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GeekEV
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HOW TO: Make the VSP (noisemaker) button default to off

Fri Apr 08, 2011 2:26 pm

THIS POST HAS BEEN UPDATED WITH A SUMMARY OF ALL THE HARD WORK DISCUSSED IN THIS THREAD. THIS IS WHAT YOU WANT TO READ TO KNOW HOW TO DO THIS MOD. TURBO AND NATER DID THE BULK OF THE WORK, I JUST PUT THE PIECES TOGETHER AND DID THIS WRITEUP.

PLEASE NOTE THERE HAVE BEEN OTHER DISCUSSIONS SUGGESTING THAT THE 2012 LEAF NO LONGER HAS THIS BUTTON: viewtopic.php?f=4&t=6596 HOWEVER, ONE PERSON WITH A 2012 HAS PERFORMED INGINEER'S METHOD OF THIS HACK SUCCESSFULLY SUGGESTING THAT THE VSP MODULE IS UNCHANGED AND EITHER METHOD WOULD WORK.

SO HERE'S HOW YOU DO IT... PLEASE NOTE THAT IS RECOMMENDED YOU DISCONNECT THE 12V BATTERY NEGATIVE TERMINAL UNTIL YOU GET TO STEP 6 IN ORDER TO AVOID ACCIDENTALLY SHORTING WIRES. AFTER STEP 6 DISCONNECT IT AGAIN WHILE YOU FINISH UP.

Step 1:
Get yourself a PAC TR-7 Universal Trigger Module and some Wire Tap-In Squeeze Connectors, a plastic pry tool, a phillips screw driver, a pair of pliers and some electrical tape. The wire leads on the TR-7 are pre-stripped, all you have to do is pull the cut ends off - but don't bother, the tap-in connectors don't need them stripped.

Step 2:
Gain access to the VSP module by following the disassembly instructions turbo provided in this post: viewtopic.php?p=78791#p78791

When you're all done hooking everything up, just follow his steps in reverse. Note that getting the side panel back in was a bit of a pain in the a** so be careful. Slide the back part in first, then squeeze your hand in there and push the tabs into their corresponding slots. Once you do that, gently push the various clips into their holes (the bottom one may give you some trouble). After everything's lined up, just bang the side with your palm to snap it back in.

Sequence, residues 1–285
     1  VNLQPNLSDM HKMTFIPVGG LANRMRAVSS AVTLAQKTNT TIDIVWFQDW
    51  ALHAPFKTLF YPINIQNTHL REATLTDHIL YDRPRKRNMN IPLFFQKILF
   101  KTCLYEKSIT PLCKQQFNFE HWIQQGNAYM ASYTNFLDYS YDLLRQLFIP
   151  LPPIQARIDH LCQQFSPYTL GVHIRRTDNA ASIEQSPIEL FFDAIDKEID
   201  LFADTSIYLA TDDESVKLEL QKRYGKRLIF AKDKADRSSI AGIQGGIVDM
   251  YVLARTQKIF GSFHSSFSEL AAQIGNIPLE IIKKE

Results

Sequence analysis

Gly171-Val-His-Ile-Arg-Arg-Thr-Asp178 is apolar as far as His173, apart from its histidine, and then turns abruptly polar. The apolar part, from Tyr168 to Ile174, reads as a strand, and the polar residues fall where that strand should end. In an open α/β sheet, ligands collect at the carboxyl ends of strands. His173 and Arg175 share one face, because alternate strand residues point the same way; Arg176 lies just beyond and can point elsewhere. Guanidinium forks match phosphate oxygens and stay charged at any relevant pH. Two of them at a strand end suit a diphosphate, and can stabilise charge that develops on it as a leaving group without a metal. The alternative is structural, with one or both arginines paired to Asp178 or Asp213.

Step 3:
Carefully slice open the black plastic wrap covering the wires leading to the VSP connector and peel it back out of the way so you have unfettered access to the wires.

Step 4:
As you look at the back of the VSP module connector, with the clip facing up, the pins are numbered as follows (with an empty pin in the lower right):

Code: Select all

8 | 7| 6| 5| 4| 3| 2| 1
16|15|14|13|12|11|10| X

You will be using pin 1 (black wire), pin 5 (green wire), pin 11 (darker gray wire with red stripes or possibly gray with no stripes) and pin 13 (blue wire). Wire colors may potentially vary between different models, etc. Find them and separate the bundle of wires so you can easily identify them. You should have always on 12v dc power between pins 1 & 13, and ignition on 12v dc power between pins 1 & 11. If you do not, abort the mission and post back here to let us know.

Step 5:
Using the tap-in connectors (follow the instructions on the package if you're not familiar with how to use them), splice the TR-7 black wire to the VSP black wire (pin 1) and the TR-7 red wire to the VSP blue wire (pin 13). Gently pull back a bit of the insulation on the TR-7 brown wire to expose a bit of the wire.

Step 6:
Take a read through the TR-7 Instructions Manual. Pay particular attention to page 3's programming instructions. It looks intimidating, but it's not that bad. You want to program mode 9 (doorlock pulse generator), option 2 (no unlock). Now that the first two TR-7 wires are hooked up, it has power and is ready to program. Flip the programming switch on the side to ON. Tap the exposed brown wire to a piece of the bare metal in the glovebox compartment NINE times (be sure not to bounce or it will count too many taps). The light on the TR-7 will flash with each tap. After you have nine taps, stop and wait three seconds. The TR-7 will echo back 9 flashes to confirm it got it right. If it doesn't flash 9 times, turn the programming switch off, wait a few seconds and do this step again. If it does flash 9 times, immediately tap the brown wire two more times to set option 2. As with the round, the TR-7 will flash as you tap. Wait three seconds and it will echo back your two taps followed by a series of rapid flashes to confirm programming is complete. If everything went right, turn the programming switch back off and move on. If it didn't, turn the programming switch off, wait a few seconds and do this step again until you get it right.